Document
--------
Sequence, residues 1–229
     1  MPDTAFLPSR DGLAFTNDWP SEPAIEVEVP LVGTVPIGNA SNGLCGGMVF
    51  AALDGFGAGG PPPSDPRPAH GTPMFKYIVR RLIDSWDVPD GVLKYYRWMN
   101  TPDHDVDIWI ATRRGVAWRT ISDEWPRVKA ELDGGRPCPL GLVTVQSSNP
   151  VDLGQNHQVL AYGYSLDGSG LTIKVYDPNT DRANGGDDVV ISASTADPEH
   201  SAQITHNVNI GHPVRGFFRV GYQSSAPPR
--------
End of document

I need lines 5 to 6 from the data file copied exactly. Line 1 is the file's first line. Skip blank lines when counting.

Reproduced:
   151  VDLGQNHQVL AYGYSLDGSG LTIKVYDPNT DRANGGDDVV ISASTADPEH
   201  SAQITHNVNI GHPVRGFFRV GYQSSAPPR